Soybean inoculants and growth promoters or enhancers studied
Soybean growers routinely mix a Rhizobium inoculant with soybeans at planting. Dual inoculant/growth promoting products have been added to the mix of choices available to soybean growers.
MSU Extension field crops educators in the Thumb and Saginaw Valley studied the use of soybean inoculants and growth promoters in 2008 and 2010. Because the products studied and protocols differed a bit, each study will be presented separately.
In 2008, one of the tested products was Optimize, which is listed by its manufacturer as being both a Rhizobium-promoting inoculant and a natural growth enhancer. Optimize was compared to Hi Stick Rhizobium inoculant and a non-treated check. A fourth treatment included Hi Stick and Optimize mixed together. The studies were repeated at three sites in the Thumb, and were replicated three times at each site. The trial sites had soybeans planted within the past three years, so the sites would be expected to be populated with Rhizobium bacteria at the time of planting. See Table 1 for results.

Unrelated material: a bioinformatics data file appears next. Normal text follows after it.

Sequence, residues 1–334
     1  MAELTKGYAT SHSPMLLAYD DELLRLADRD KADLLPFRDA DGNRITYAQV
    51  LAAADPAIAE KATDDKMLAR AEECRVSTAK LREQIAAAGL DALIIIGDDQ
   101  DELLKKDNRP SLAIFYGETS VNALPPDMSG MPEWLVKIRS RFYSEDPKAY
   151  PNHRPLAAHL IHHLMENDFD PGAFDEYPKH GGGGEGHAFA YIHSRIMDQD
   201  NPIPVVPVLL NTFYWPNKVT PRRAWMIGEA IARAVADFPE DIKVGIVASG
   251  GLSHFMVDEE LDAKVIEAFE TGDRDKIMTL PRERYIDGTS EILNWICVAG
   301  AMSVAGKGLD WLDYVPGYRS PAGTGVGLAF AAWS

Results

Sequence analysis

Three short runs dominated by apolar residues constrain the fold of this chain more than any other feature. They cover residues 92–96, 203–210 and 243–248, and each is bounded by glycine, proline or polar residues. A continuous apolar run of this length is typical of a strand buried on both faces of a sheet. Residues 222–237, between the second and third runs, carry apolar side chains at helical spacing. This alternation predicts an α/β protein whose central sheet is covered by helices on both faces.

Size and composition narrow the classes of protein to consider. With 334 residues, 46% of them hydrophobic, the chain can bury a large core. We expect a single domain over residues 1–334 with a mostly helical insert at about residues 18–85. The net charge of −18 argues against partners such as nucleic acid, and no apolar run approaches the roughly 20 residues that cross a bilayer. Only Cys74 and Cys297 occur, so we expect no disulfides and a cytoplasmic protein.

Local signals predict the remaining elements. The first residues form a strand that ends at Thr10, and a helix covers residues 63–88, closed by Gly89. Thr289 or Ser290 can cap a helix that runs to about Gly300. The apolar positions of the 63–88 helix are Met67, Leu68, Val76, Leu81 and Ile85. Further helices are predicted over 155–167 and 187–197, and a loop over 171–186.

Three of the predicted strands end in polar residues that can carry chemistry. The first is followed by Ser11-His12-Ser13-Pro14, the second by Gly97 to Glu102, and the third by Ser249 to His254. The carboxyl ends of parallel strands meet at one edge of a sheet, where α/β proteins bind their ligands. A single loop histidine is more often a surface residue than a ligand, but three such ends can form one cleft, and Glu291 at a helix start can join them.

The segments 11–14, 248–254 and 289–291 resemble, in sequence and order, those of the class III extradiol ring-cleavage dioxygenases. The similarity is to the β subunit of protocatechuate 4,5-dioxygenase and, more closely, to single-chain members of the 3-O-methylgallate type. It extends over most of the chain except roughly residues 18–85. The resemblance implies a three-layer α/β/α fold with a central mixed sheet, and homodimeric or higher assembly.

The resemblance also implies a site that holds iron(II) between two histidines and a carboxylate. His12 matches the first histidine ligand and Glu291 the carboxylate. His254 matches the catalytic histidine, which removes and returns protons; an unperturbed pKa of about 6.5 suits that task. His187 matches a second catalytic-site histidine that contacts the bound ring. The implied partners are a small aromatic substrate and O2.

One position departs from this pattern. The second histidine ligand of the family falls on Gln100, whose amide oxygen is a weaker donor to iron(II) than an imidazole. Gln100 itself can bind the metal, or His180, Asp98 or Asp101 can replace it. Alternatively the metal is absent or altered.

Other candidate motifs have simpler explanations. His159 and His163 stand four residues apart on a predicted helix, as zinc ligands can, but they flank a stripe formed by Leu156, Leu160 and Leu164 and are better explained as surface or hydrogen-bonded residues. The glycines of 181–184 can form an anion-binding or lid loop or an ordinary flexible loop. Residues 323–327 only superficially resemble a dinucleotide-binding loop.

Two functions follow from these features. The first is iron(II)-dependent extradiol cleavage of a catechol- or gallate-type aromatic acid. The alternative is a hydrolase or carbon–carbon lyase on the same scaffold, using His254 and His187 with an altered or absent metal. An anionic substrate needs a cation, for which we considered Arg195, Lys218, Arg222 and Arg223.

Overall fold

In 2010, Primo was added into the study. Similar to Optimize, Primo is listed by its manufacturer as a Rhizobium inoculant and a growth promoter. As in 2008, these two products were compared to Hi Stick and an untreated control. In 2010, a mixed treatment was left out. The studies were repeated at two sited in the Thumb, and were replicated four times at each site. Each site had soybeans grown in the recent past. See Table 2 for results.
|Table 2. 2010 Soybean Inoculant Study|
|LSD @ 0.05: 2.9|
Results from both years indicate that neither Hi Stick nor either of the growth promoter/enhancers increased yields. However, it is still a good idea to use an inoculant when planting soybeans, even if soys have been planted in a field within the past three years. The risk of poor nodule development is too great given the low expense using an inoculant represents.